The Pulse | Diplomacy | South Asia

Mike Pompeo Visits Sri Lanka and the Maldives in a Bid to Win Friends and Influence People

Days before the US presidential election, the U.S. secretary of state soldiers on with the Trump administration’s free and open Indo-Pacific strategy.

Abhijnan Rej
Mike Pompeo Visits Sri Lanka and the Maldives in a Bid to Win Friends and Influence People

U.S. Secretary of State Mike Pompeo and his wife Susan visit St. Anthony’s church, one of the sites of the 2019 Easter Sunday attacks, in Colombo, Sri Lanka, Wednesday, Oct. 28, 2020.

Credit: AP Photo/Eranga Jayawardena, Pool

Less than a week before the November 3 presidential elections, U.S. Secretary of State Mike Pompeo’s whirlwind tour of South and Southeast Asia continues as he seeks buy in from regional powers for the Trump administration’s free and open Indo-Pacific strategy, framing the contest between China and democracies in Manichean terms.

After his two day visit to New Delhi on October 26 and 27, where he – along with Secretary of Defense Mark Esper – participated in a much-praised  2+2 defense and foreign ministers’ dialogue, Pompeo travelled to Sri Lanka on October 27, and from there on to the Maldives on October 28. The two visits to these Indian Ocean islands – entangled as they both are with China as well as India — could not be more different.

While in Colombo, Pompeo met with Sri Lanka’s President Gotabaya Rajapaksa as well as Foreign Minister Dinesh Gunawardena. A State Department readout of the Pompeo-Rajapaksa simply notes, in terms of what was on the agenda, that they “discussed post-pandemic economic recovery and development and noted the benefits of long-term U.S. private sector trade and investment, which offers sustainable, transparent, and high-quality partnership.” It goes on to add that the “two leaders agreed to remain in contact on issues of mutual concern, including cooperation on counterterrorism, and the post-pandemic economic recovery.” Aside from the bizarre phrase “two leaders” – which suggests parity between a secretary of state and a foreign head of state – what was striking is the near absence of security discussions, beyond counterterrorism.

In fact, the striking difference in tone between Pompeo and Gunawardena became visible in a joint press availability in Colombo. While Gunawardena did strike a warm note toward Pompeo and the United States – and more crucially, affirmed Sri Lanka’s commitment to “maintaining the freedom of navigation in our seas and airspace, also protecting sea lines of communication and the undersea cables,” given its location in the Indian Ocean – he was pointedly oblique when asked about the possibility of greater U.S. presence in Sri Lanka and of a triangular China-Sri Lanka-U.S. dynamics.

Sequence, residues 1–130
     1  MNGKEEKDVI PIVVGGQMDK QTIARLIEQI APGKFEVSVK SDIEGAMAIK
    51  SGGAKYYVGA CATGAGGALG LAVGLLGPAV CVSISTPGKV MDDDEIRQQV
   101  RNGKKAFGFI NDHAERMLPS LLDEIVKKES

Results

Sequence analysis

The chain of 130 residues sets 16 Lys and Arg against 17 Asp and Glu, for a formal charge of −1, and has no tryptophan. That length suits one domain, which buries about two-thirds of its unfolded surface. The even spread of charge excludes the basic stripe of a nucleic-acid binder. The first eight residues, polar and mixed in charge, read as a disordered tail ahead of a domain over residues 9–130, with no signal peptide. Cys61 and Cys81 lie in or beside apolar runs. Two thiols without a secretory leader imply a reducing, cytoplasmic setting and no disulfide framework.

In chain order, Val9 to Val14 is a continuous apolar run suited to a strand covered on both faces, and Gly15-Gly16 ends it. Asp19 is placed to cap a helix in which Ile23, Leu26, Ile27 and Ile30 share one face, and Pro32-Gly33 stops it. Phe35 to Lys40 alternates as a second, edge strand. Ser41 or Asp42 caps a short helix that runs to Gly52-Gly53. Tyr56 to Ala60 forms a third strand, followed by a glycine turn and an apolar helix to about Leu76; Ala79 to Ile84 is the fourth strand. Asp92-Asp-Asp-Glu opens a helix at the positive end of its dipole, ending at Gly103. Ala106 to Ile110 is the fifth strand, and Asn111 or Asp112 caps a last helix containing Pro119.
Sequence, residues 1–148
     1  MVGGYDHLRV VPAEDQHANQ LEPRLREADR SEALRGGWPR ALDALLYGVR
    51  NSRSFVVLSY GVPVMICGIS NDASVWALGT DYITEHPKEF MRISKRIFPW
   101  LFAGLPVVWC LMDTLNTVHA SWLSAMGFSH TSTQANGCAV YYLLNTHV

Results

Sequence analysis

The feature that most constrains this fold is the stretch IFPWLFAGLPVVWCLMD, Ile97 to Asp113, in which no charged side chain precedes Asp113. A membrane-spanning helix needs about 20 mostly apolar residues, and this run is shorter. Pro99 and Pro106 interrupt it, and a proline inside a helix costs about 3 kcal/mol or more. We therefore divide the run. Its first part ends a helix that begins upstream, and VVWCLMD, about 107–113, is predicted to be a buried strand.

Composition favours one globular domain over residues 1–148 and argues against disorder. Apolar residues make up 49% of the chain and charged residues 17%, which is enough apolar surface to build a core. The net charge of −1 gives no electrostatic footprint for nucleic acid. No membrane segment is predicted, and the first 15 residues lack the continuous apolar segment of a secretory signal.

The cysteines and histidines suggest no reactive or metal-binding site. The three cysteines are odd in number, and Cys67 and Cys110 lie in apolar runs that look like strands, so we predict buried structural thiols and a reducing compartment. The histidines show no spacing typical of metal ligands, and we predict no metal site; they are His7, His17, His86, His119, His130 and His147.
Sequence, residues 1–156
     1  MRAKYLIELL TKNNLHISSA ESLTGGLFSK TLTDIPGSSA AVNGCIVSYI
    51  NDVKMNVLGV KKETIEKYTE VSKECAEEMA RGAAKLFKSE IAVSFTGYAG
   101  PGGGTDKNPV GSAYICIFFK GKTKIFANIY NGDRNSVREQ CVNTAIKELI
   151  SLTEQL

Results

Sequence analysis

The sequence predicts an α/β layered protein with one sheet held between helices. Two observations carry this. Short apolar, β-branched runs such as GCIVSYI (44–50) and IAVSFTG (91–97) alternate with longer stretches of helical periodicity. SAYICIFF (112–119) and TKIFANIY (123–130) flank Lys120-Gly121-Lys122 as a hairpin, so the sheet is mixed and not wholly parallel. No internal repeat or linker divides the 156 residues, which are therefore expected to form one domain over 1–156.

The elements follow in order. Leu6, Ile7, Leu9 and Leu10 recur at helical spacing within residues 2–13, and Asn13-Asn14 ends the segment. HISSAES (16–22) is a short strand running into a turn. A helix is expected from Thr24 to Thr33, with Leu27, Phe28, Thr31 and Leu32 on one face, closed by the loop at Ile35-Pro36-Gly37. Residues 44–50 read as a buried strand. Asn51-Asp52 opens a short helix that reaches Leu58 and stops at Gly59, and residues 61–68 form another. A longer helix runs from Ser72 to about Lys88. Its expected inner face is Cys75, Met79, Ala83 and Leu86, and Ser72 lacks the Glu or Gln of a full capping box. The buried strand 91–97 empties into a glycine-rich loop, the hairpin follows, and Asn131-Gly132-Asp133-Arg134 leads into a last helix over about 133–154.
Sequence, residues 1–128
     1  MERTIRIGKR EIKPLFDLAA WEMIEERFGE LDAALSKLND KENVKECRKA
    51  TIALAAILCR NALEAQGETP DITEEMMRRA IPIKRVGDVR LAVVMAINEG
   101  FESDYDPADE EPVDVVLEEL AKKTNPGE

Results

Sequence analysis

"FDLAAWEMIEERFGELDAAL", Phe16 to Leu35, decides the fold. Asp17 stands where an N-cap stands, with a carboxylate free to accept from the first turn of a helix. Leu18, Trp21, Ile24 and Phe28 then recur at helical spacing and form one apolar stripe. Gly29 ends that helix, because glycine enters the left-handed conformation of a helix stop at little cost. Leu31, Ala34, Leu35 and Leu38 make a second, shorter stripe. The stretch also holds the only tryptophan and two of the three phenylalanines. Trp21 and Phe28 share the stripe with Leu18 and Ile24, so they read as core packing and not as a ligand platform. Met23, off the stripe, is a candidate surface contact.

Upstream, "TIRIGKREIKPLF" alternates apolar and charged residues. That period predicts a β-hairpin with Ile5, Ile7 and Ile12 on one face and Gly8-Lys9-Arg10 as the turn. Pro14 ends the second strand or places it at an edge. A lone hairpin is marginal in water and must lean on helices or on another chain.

Responding to a question from a Voice of America reporter, Gunawardena noted “Sri Lanka is a neutral, non-aligned country committed to peace, as I mentioned earlier. On that principles, we hope to continue with our relations with the United States and other countries [emphasis mine].” Meanwhile, Pompeo’s remarks to the press were filled with what has become – sadly – a stereotype when it comes to the Trump administration, pitching China against the U.S. and referring to the geographic origin of the novel coronavirus.

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As analysts had expected, there is little indication Pompeo’s visit led to progress being made around a new U.S.-Sri Lanka Status of Forces Agreement or the under discussion $480 million U.S. Millennium Challenge Corporation grant to Sri Lanka. (A Sri Lanka-U.S. Acquisition and Cross-Servicing Agreement was renewed in 2017.) Pompeo had cancelled his trip to Sri Lanka in June last year following anti-U.S. protests in that country.

The Maldives, however, was a different story, reflecting the Ibrahim Mohamed Solih government’s pivot away from China since coming to power in 2018. In September, the U.S. and the Maldives had agreed on a “Framework for U.S. Department of Defense-Maldives Ministry of Defense Defense and Security Relationship,” which would stand to deepen military cooperation between the two countries. Continuing the upward trajectory in relations, Pompeo announced in Male that the U.S. would be opening an embassy there, with a resident ambassador. (To date, the U.S. ambassador to Sri Lanka has had concurrent accreditation in the Maldives.)

In contrast to the summary of Pompeo’s meeting with Rajapaksa, the State Department readout of his meeting with Solih noted that “Secretary Pompeo and President Solih also discussed strengthening cooperation to advance our shared goals in the Indo-Pacific region [emphasis mine].”

Pompeo left Maldives for Indonesia earlier today where he will meet with Indonesian President Joko Widodo and Foreign Minister Retno Marsudi. Reuters reports Pompeo will also visit Vietnam on October 28-29, a last-minute addition to his calendar.